Later on that day, I made plans with friends Derrick and Kurt for a Connecticut surfcasting trip. Captain Mike from Reel Cast Charters fished the same piece of eastern Sound shoreline by boat the previous night and was rewarded with a 35-pound striper on none other than a live eel. We picked up a stash of the striper candy and drove east with a bright moon overhead. It was a warm night and after a good walk in waders we were drenched with sweat. The three of us set up shop in close proximity, casting and retrieving for an hour without a hit. I eventually broke from the pack and got my first bump of the night, which turned out to be a small bass. Another 20 minutes went by before my next strike, but this time it felt like a better fish. After a decent fight and a few peels of drag, an 18-pound striper lay at my feet. She kicked off strong after a couple minutes of revival time in the warm water.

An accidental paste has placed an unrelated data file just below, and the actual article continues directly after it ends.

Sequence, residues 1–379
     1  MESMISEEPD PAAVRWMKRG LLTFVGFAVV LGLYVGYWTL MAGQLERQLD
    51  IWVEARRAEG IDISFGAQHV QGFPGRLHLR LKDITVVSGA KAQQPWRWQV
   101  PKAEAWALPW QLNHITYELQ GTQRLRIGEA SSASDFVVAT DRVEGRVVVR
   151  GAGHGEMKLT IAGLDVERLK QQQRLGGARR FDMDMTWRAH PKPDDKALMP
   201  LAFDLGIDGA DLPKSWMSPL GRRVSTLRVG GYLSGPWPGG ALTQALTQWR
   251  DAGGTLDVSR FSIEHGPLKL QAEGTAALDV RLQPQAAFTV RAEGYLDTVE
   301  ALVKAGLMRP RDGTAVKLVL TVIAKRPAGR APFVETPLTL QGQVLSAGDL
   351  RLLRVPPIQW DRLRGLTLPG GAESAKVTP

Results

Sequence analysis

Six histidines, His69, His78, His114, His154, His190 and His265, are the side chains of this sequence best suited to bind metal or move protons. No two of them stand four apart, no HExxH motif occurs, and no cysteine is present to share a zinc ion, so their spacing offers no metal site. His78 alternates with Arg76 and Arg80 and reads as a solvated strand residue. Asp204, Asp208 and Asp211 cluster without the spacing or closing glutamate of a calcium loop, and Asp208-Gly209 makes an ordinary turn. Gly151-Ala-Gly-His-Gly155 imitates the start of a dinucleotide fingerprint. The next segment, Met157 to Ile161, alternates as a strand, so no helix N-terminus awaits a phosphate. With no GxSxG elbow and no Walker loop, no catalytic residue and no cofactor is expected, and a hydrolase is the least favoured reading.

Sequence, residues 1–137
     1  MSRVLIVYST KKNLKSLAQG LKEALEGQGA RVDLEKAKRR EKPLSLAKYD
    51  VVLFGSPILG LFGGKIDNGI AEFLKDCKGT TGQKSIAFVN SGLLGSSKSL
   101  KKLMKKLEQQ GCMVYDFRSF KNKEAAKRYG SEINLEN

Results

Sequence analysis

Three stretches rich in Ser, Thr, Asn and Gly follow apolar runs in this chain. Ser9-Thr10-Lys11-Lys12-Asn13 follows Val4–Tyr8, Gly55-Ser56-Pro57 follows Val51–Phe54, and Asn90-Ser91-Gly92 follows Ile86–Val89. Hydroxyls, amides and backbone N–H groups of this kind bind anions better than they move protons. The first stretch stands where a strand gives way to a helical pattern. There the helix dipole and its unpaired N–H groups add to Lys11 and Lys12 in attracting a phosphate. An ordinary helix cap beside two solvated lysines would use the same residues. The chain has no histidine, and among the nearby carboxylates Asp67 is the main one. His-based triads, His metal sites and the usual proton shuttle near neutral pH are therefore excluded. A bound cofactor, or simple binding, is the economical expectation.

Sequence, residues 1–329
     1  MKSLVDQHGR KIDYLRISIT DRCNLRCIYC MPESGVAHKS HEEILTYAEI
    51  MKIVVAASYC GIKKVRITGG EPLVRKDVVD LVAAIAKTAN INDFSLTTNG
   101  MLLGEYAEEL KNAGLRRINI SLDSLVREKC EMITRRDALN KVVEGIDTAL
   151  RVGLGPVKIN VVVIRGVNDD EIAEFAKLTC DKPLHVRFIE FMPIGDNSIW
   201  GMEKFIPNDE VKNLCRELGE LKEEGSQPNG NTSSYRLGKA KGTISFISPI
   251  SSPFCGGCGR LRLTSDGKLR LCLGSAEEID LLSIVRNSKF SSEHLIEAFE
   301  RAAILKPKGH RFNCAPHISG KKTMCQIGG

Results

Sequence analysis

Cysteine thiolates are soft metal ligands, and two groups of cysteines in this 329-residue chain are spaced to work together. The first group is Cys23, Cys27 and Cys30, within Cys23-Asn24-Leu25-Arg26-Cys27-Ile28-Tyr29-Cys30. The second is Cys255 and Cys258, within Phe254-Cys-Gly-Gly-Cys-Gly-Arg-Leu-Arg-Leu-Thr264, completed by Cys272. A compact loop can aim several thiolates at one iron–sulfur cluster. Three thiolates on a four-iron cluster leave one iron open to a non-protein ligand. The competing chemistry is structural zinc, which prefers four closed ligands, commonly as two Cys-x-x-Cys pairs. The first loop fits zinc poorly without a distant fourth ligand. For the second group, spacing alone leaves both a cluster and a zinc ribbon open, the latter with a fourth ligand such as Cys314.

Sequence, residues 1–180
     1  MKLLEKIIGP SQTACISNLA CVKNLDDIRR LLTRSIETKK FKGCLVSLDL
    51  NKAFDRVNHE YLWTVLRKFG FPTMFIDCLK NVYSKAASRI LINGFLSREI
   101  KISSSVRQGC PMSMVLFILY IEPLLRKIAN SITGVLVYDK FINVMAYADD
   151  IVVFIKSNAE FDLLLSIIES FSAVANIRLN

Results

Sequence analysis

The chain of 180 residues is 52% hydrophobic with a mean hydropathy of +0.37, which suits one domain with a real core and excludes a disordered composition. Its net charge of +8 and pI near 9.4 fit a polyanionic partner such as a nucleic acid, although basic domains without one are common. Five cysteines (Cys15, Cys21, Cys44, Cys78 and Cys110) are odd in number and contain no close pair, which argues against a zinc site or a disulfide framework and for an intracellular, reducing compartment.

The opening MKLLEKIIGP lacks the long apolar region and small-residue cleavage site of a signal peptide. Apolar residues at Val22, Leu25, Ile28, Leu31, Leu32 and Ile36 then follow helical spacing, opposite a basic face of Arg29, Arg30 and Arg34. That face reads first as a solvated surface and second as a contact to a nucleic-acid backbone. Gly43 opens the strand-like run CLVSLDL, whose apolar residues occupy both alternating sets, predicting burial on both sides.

A few drifts later with a fresh eel, I felt a nice take, but not a lot of pull. The fight was rather uneventful until the fish got very close to me and kicked it up a few notches. She was pushing much more water than the other two bass I had landed already, so I had a feeling it was bigger in size and and it was. A healthy striped bass somewhere in the low 20-pound range was hooked deeper than I would have liked, which explained the poor fight. I cut the line and she kicked off stronger than any other fish that night. The way hooks rust in a saltwater environment, I'm pretty confident that bass will be hook-free in the near future. 

That proved to be the last bit of action for the night and I was flying high the for the long walk then drive home. I was lucky to have the hot hand that night and I think the eel karma from earlier in the day payed off! 

Tuesday, July 19, 2011

Brotherly Love

The more time that I spend on the water, the more I want to share my experiences with those around me. One of my brothers has lived in California for the last decade and more. It's crazy for me to think about how many times that I've run up to the Farmington River since then, yet he'd still never fished there. So when the stars and moon aligned during his most recent visit home, we jumped at the chance to get him fly fishing.